In their oxygen masks and all-enclosing plastic suits, "hazmat" specialists such as Eversole can approach industrial spills with confidence--and they do, dozens of times a day, all across the country. Fortunately, so far, they have not had to don those suits in response to some terrorist group that has doused an American city, subway, or airport with lethal chemical weapons. But the John Eversoles in cities and counties around the country are getting ready for just such an eventuality. And, unfortunately, they have one large-scale, real-world example to learn from: the Aum Shinrikyo cult's 1995 release of sarin nerve gas in the Tokyo subway system. Although a crude attack, it nevertheless killed a dozen people, injured scores more, and panicked thousands.
No group has attempted a similar feat, and governments want to keep it that way. But toxic chemicals, and the know-how and skills to brew them, permeate industrialized societies in a way that the prerequisites for biological or nuclear weapons do not. So, although potentially less deadly than an artificial plague or atom bomb, chemical terrorism is also far more likely. And, despite all the Hollywood movies portraying secret government teams in moonsuits and black helicopters arriving at a disaster scene within minutes, in truth, federal forces may not arrive until 10 hours after an attack, as occurred in the 1995 Oklahoma City bombing. Not because they are incompetent, Chief Eversole said, but because "they are just too far away."
So, federal officials have increasingly turned their attention to preparing their state and local colleagues for the first critical hours that follow a terrorist attack. But in the event of such an unprecedented disaster, what would the police, fire fighters, and medics really need? What are they actually getting from the feds? In interviews with emergency responders from a dozen cities, small and large, plus many more with Washington officials and experts, National Journal found some surprisingly hopeful signs about the nation's readiness for a terrorist attack with toxic chemicals, and some causes for worry.
Among the hopeful signs are a new awareness among cities and towns across America that they have to do more to get ready, and a growing ability by localities to use federal money to buy new communications equipment and emergency gear. Also helpful is that America is fortunate to have well-trained fire departments with extensive experience in handling hazardous materials--and chemical weapons are just more-intense hazardous substances. On the downside, the array of federal programs is confusing and often arbitrary, and this has lent a disjointedness to antiterrorism efforts. Further, the country's medical community seems to be playing catch-up in its preparations to effectively handle mass casualties.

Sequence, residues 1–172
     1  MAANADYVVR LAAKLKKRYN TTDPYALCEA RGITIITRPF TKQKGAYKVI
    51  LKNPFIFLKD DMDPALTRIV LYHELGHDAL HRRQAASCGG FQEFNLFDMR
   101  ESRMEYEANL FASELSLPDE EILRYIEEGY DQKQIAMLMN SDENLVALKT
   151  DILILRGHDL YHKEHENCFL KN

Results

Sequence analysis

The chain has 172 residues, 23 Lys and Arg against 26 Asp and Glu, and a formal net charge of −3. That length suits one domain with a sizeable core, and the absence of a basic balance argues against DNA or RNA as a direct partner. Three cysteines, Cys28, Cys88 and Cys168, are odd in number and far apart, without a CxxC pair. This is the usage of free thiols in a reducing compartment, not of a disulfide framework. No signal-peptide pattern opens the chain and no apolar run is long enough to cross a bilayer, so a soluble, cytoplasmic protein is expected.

Prepared or not, one thing is clear: It will be the local blue canaries who catch the earliest whiffs of chemical terror, and who become the first professionals to put their lives on the line. "As a citizen, you are not going to pick up the phone and call the federal government and say, `Hey, President Bush,' " Eversole said. "You're going to pick up the phone and dial 911."
After terrorists attack, the first line of defense is the telephone line. Emergency dispatchers get little attention or respect, but their ability to realize just why the phones are ringing off the hook can save crucial minutes, and many lives. In the Tokyo attack, it took more than an hour of emergency calls from 15 different subway stations before authorities understood there was a single cause, not just a spate of awful coincidences. By then, so many police, paramedics, and firefighters had rushed in without proper protection that a tenth of the rescuers became sick themselves.
But in America today, extensive training efforts--some funded federally, others locally--have inculcated in many cities at least a basic awareness of what could happen. The Boston subway, for example, is experimenting with high-tech toxin detectors created by the federal Energy Department. But the best defense is still common sense: "If you get a call for five or six or eight people down on a platform having difficulty breathing, that's a clue right there," said Detective Peter Pasciucco of the Massachusetts Bay Transportation Authority. "[You] shouldn't rush in.... You can't help anybody if you're lying there next to them."
Spreading such awareness was one achievement of the otherwise controversial Domestic Preparedness Program--also called Nunn-Lugar-Domenici, after the Senate authors of the 1996 act--that ordered the Pentagon to train the nation's 120 largest cities to protect themselves against chemical, nuclear, and biological terrorism.